Capital Expenditures

Capital expenditures by business segment for the three months ended March 31 were as follows: Reportable Segment (millions) 2014 2013 Change Natural gas utility $ 68.2$ 85.8$ (17.6 ) Electric utility 55.7 439.9 (384.2 ) IES 7.5 3.4 4.1 Holding company and other 28.2 9.5 18.7



Integrys Energy Group consolidated $ 159.6$ 538.6$ (379.0 )

The decrease in capital expenditures at the natural gas utility segment in 2014 compared with 2013 was primarily due to colder weather conditions impacting work on the accelerated natural gas main replacement program at PGL. The decrease in capital expenditures at the electric utility segment in 2014 compared with 2013 was primarily due to WPS's purchase of Fox Energy Company LLC in 2013. Capital expenditures related to environmental compliance projects at the Columbia Plant also decreased in 2014. Increased expenditures at the electric utility segment related to the ReACTTM project at Weston 3 in 2014 partially offset the decrease. Finally, capital expenditures at the holding company and other segment increased in 2014 compared with 2013, primarily due to increased expenditures for software projects and office leasehold improvements.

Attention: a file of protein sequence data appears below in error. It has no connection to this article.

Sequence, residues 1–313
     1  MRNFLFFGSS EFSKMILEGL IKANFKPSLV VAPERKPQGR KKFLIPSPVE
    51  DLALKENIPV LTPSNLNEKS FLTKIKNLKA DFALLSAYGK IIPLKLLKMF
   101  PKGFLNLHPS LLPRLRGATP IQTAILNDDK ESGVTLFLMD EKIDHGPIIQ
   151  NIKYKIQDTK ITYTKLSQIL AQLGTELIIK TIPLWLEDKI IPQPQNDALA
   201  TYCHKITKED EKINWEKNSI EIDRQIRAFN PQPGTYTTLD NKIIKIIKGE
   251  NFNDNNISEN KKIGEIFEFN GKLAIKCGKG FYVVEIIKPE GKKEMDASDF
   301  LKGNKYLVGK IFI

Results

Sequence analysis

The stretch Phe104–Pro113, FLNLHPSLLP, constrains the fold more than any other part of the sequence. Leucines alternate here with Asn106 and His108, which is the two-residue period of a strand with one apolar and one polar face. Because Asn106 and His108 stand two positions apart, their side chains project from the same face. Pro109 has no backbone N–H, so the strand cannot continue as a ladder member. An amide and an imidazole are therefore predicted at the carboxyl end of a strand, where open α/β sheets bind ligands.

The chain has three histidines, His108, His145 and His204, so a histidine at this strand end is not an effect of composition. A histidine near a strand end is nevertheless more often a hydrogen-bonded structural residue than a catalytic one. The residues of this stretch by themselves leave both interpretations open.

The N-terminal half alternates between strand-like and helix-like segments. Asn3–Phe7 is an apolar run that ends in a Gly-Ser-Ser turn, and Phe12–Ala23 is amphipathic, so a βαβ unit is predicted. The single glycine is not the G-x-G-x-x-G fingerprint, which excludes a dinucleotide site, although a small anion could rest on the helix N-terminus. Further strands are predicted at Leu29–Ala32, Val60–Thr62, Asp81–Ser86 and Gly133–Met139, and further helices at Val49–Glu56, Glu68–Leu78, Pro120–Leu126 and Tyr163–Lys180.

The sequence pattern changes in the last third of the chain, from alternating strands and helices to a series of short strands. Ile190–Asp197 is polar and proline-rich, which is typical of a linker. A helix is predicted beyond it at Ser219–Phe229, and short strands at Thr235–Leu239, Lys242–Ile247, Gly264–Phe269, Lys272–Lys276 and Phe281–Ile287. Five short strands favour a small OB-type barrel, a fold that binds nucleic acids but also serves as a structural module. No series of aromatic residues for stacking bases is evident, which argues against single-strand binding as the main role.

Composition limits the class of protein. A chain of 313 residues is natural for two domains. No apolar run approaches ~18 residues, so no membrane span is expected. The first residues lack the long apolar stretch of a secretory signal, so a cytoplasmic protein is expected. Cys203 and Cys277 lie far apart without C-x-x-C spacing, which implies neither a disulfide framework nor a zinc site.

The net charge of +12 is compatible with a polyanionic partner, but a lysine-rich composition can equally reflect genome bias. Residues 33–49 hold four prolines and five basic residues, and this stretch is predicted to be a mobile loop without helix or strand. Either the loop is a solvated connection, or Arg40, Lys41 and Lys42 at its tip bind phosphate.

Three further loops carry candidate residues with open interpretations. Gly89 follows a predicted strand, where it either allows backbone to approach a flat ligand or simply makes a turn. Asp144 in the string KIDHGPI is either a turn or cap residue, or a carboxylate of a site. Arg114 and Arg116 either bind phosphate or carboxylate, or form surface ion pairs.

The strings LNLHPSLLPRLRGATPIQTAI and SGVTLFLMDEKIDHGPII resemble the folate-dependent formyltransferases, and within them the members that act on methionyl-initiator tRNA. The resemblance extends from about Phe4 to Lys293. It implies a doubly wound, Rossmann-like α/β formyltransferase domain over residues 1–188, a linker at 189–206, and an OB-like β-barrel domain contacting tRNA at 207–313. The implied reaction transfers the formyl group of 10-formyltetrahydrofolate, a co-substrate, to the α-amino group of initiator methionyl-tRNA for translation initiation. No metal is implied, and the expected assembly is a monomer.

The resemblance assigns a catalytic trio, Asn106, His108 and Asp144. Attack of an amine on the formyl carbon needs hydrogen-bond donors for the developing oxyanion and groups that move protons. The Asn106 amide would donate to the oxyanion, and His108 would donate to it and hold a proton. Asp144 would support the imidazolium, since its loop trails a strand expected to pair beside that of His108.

Financing Cash Flows

During the three months ended March 31, 2014, net cash used for financing activities was $72.1 million, compared with net cash provided by financing activities of $197.2 million during the same quarter in 2013. The $269.3 million quarter-over-quarter change was driven by:

A $200.0 million decrease in borrowings under WPS's term credit facility,

which were used in 2013 to partially finance the acquisition of Fox Energy

Company LLC.



A $78.1 million decrease in cash due to $4.1 million of net repayments of

commercial paper in 2014, compared with $74.0 million of net borrowings of

commercial paper in 2013.

A $7.8 million increase in cash used to purchase shares of our common stock

on the open market to satisfy requirements of our Stock Investment Plan and

certain stock-based employee benefit and compensation plans. We began

purchasing shares of our common stock on the open market starting in February

2014 as well as during a short period during the first quarter of 2013.

These decreases in cash were partially offset by the quarter-over-quarter impact of a $22.0 million repayment of long-term debt in 2013.

Significant Financing Activities

The following table provides a summary of common stock activity to meet the requirements of our Stock Investment Plan and certain stock-based employee benefit and compensation plans: Period

Method of meeting requirements



Beginning 02/05/2014 Purchasing shares on the open market 02/05/2013 - 02/05/2014 Issued new shares 01/01/2012 - 02/04/2013 Purchased shares on the open market

For information on short-term debt, see Note 9, Short-Term Debt and Lines of Credit.